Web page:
Apparently fatism is widespread, as surveys show 93% of employers would rather employ a thinner person than a fatter one even if they are equally qualified. This could be for sound economic reasons; employers obviously believe that there are benefits to employing a thinner person. Perhaps they believe an overweight worker sends out a negative, sloth-like image of a company. Maybe they believe that a fat person may have heavier breathing, which could be off-putting in an office environment. Whatever the reason, the fact is that employers frequently make choices about applicants based on appearance and personal judgement; it helps them pick the best workers for their organisation.

Being fat is not even like being of a certain age, gender or race - such things are unavoidable. Much more often than not, a person is overweight because of their own lifestyle choices and habits. If ‘fatism’ is to be miraculously eliminated by the imposition of more legislation, then obviously all body shapes must be protected from criticism and ‘discrimination’ by law. Complaints about emaciated models must also be banned in case their feelings are hurt.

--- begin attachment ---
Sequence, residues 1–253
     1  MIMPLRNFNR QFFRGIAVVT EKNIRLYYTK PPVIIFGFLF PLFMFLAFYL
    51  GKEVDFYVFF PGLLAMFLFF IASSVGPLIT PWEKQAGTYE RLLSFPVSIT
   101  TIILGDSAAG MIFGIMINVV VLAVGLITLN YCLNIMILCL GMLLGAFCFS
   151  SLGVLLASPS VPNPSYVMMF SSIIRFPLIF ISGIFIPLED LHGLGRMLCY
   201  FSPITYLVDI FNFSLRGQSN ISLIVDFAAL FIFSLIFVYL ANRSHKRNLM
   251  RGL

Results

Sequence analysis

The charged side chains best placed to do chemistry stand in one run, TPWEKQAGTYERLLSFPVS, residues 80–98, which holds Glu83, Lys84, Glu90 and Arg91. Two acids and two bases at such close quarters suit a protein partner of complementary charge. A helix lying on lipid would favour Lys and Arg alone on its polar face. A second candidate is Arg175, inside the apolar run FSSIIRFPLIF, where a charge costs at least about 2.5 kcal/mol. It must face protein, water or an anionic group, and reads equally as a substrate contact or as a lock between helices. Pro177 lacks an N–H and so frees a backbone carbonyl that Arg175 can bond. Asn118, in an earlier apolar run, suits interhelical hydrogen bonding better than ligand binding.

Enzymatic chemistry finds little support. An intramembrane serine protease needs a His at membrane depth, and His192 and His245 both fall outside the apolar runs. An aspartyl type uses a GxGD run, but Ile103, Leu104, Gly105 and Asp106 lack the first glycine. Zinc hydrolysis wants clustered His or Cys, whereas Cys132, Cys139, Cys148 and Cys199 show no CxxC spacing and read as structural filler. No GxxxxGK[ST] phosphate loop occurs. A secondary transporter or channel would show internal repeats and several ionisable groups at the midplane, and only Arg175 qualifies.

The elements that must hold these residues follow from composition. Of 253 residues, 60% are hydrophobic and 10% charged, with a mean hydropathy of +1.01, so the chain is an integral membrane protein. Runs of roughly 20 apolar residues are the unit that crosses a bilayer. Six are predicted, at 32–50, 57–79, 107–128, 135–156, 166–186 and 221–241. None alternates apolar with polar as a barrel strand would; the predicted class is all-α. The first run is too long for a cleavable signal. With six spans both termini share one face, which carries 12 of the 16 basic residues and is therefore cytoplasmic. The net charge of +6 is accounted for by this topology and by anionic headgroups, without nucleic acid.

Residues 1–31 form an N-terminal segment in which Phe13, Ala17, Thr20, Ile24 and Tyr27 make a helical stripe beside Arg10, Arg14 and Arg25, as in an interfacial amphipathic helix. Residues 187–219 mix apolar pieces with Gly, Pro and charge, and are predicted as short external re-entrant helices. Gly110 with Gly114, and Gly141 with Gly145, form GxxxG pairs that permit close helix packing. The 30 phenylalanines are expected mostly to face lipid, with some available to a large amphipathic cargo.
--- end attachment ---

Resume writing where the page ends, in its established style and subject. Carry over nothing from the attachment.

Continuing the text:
The overweight should not be forced by the government or by doctors to lose weight; what they do to their bodies is their own choice. Fat people are just like any other person, and as such should learn to live in a society where not everyone may like what they do or how they look. Private lifestyle choices should be neither prohibited nor protected by the law. People should of course be able to eat as many cream cakes as they like, but it shouldn’t be illegal for others to laugh when they walk in a funny way because of it.

Debating capitalism at Durham


I was up at Durham on Friday proposing the motion in the Student Union that "Only Capitalism Can Save the World."  The Durham debating society has a high reputation, which it certainly lived up to on Friday.  The chamber was completely packed, with people sitting on the floor at the front and in the aisles, and standing at the back. It was a lively debate with a high level of floor speeches.

My case was that capitalism generates wealth. When people exchange, each gains something they value more highly that what they currently have. Thus both parties gain and wealth is created. Capitalism expands the opportunities for production, specialization and exchange, creating wealth in the process. It is this which has lifted more people out of poverty than ever before in human history.